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Don’t Let Your Life Kill You

November 10, 2019

 

 

 

I have told the story of how I had a stress-related heart attack as a young, otherwise healthy mother of two little kids back in 2001.  Since then I have had enormous respect for the mind-body connection and the danger of chronic stress. The problem for most American women today is that we have normalized a lifestyle that cannot be maintained without significant cost to our long term health and happiness.  The stress in my life almost killed me, and I had to learn a new, better way. Here are some tips on managing the stress that I hope you take to HEART (pardon the pun). 

 

  • Learn your own stress style.  If not much bothers you then just give yourself what your body seems to be asking for.  Let your brain turn off for a little while. Watch t.v., grab a light book, maybe even talk to someone else about their life.  Just get your mind off of where the stress is coming from long enough for you to come back to it clear-headed. 

 

  • If you internalize stress, become increasingly tense, lose sleep or sleep too much, eat too much or too little, snap at people for no reason then you need to override what your natural tendencies are telling you to do.  In this case, you need to take a proactive approach to manage your stress. The first step for you will be identifying when you are entering your stress mode so that you are not blindsided and miserable before you had time to do something about it. Prevention is truly better than a cure when it comes to stress. 

 

  • Exercise is your ally in battling stress.  It relieves pressure, produces endorphins, and helps to maintain self-esteem during some of the most stressful events that may be causing you to doubt yourself.  

 

  • Eat a well-balanced diet.  Fruits, veggies, protein, and whole grains naturally give you more energy, whereas junk food and high sugar foods actually raise stress levels and make you feel worse as energy levels rise and fall making it more difficult to be at your best when you most need to be. 

 

  • Get enough sleep.  Not too much and not too little.  No matter what is going on, try to keep your schedule consistent with what you are used to in less stressful times.  Exhaustion makes cowards out of us all. You need the courage to face stress, so stay on schedule, and if you are having trouble sleeping develop a bedtime ritual that you can start an hour or thirty minutes ahead of time to wind down.  Baby yourself a little. For me, this can include a bath and some reading, journaling and always a prayer.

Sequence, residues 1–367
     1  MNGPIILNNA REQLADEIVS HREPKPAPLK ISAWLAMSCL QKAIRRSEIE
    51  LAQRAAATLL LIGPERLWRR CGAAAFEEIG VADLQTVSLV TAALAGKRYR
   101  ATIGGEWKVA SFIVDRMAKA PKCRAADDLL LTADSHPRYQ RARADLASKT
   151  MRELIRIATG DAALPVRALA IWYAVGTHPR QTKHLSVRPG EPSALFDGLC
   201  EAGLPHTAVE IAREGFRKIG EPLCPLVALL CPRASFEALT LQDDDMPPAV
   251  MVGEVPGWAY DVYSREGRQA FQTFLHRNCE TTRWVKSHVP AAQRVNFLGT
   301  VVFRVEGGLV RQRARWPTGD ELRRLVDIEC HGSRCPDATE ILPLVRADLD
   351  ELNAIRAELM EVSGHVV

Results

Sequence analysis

• Pray.  Talk it over with your higher power.   I call my higher power God, and I believe that his favorite prayer is “God, please help me.”  Then, have faith that help is coming. Know that you are going through whatever it is for a reason.  Look for the lesson and learn it rather than looking for ways to escape that ultimately only create more stress (procrastination, bad attitudes, addictions).  Know that you have what you need to do what you must do, and you are not alone. 

 

  • Get support.  Delegate and then let people do things their own way. Share your feelings and get advice, support, and encouragement, but be careful with this and limit your time talking about the issue without changing it.  I allow a little time for self-pity or complaining, but then it is time to get into the solution and make sure the people around you are helping you not increase your stress. 

 

  • The fascinating thing about stress is that it is largely self-induced.  You can’t choose what happens all of the time, but you can always choose how you are going to react.  How you react says a lot about who you are, and I believe that the universe arranges ways to bring each of us into our truest and best selves.  You may find that reacting differently to stress results in fewer stressful events in your life because you learned that lesson. Since this won’t happen overnight, find activities that are soothing to you, distracting when needed and happiness-inducing.  Take a walk, do some art, volunteer, turn up your music sing and dance privately or with your family, get some physical contact with someone you love – hold hands, hug, make love, go for a drive just to change the scenery, watch a funny movie and laugh out loud.  Find a way to focus on something else and you may find you feel better and more able to find creative solutions to the problem causing your stress.   

 

  • Stay in reality.  Most of the problems in our lives never actually happen.  We spend a lot of time stressed out over what could happen, dreading our worst fears.  When you feel stressed out it is important to look at the situation realistically. See things as they are, not worse than they are as that is dread and not better than they are as that is denial.  Dread and denial are stressful. Denial caused my heart attack, and then I became frozen in fear about what was going to happen to my children. At the lowest time in my life, I never knew how I was going to pay the upcoming rent or buy groceries when our food ran out, but I realized that we never went hungry and we had a warm place to sleep every night.  I feared an uncertain future, but in the present, we were always o.k. I started to replace fear with gratitude, and it made all the difference. It wasn’t long and money was no longer a problem in my life at all. I had learned that lesson. 

 

Evening Ransom

 

Photo credit: Photo by Matthew Henry on Unsplash

 

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